The Hays Global Skills Index, released earlier this week, shows that gradual economic recovery is positively impacting the Irish labour market, with a slight loosening visible.
Ireland’s drop from 5.8 to 5.7 on the Hays Global Skills Index shows a lessening of pressure in the Irish jobs market – i.e., it’s slightly easier to get a job here now than it was a year ago.
The Index’s country profile for Ireland indicates that the Irish economy is on course to achieve the third fastest growth rate globally, just behind China and India.
Of Ireland’s recovery, Richard Eardley, MD of Hays Ireland, has said, “There are many promising signs that the Irish economy is starting to turn around. Growth rates are higher than in the rest of Europe and have far outpaced expectations.”
The improved economy has “triggered a significant change in employers’ attitudes towards hiring,” Eardley continued. “Companies in high-growth sectors such as construction and property, IT and engineering face increasing skills shortages, along with a necessity to review their attraction strategies to secure talent in a rapidly-evolving employment market.”
It’s not all good news
The talent gap persists in many sectors, and skills shortages may become increasingly apparent if the employment rate doesn’t rebound.
That talent gap is an issue in high-skilled industries globally. This has a negative effect on productivity, with many people being either over or under-qualified for their jobs.
Furthermore, talent shortages necessitating the working of longer hours does not result in more productivity, meaning an entire workforce is over-stretched with little benefit.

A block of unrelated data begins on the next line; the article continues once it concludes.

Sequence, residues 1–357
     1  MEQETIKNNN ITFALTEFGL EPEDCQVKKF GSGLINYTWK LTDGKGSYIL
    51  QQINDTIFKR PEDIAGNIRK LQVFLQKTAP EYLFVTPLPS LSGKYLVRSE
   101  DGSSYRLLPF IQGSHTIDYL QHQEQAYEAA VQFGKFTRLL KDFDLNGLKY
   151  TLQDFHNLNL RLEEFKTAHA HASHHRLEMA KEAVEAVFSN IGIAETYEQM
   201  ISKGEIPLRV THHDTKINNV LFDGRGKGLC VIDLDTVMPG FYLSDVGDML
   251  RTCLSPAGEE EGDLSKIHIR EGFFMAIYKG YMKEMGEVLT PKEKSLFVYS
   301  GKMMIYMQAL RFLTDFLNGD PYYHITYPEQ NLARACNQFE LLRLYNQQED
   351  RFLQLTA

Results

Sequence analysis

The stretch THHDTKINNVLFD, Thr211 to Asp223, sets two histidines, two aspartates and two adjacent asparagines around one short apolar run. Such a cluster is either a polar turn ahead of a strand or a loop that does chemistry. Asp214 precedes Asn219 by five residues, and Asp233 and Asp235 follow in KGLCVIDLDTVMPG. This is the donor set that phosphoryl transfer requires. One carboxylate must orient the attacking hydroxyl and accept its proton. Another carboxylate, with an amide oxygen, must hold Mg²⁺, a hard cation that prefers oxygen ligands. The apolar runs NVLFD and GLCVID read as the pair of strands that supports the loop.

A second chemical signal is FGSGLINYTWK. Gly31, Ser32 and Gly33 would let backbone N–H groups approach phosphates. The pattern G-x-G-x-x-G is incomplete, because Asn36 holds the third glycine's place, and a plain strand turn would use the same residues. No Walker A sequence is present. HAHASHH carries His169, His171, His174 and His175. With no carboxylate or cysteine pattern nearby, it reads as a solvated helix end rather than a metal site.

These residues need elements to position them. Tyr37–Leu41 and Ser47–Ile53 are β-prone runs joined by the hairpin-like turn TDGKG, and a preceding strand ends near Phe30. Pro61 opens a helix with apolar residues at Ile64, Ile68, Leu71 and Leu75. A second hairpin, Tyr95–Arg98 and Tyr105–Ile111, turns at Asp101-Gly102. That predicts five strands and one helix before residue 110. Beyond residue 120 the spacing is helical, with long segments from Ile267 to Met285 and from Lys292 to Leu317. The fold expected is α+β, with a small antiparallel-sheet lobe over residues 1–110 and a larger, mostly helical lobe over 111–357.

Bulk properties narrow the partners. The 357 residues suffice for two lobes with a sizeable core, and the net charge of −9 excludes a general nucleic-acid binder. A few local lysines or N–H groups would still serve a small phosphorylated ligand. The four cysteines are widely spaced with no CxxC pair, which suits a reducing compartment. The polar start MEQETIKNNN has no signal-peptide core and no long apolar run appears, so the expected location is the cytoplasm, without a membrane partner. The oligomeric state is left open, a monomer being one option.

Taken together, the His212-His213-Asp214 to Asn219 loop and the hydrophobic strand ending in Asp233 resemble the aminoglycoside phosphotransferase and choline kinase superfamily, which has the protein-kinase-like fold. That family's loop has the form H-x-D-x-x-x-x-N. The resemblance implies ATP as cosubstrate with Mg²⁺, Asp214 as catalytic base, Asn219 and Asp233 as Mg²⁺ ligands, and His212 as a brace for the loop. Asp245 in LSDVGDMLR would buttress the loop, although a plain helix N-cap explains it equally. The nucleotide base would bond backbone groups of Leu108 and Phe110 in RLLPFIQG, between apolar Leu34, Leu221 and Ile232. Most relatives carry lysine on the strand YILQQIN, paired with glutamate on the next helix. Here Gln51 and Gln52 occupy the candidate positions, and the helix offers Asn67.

Commenting on the Hays Global Skills Index findings, Hay’s chief executive, Alastair Cox, called for businesses and governments to address the issue of talent gaps.
“Education and training schemes need to be better aligned and tailored to produce sufficient levels of the skilled resources businesses need,” said Cox. “However, this will take time to deliver results. In the meantime, regulatory and immigration reform is required as a short-term route to enable businesses to access world-class talent from outside their domestic markets. Otherwise, valuable jobs will continue to go unfilled.”
The Hays Global Skills Index analyses seven equally-weighted indicators, each of which assesses different dynamics of the labour market. The resulting score measures the pressures present in a country’s labour market.
The report looks at professional employment markets across 31 major global economies, including Ireland, the UK, the US, Australia and China.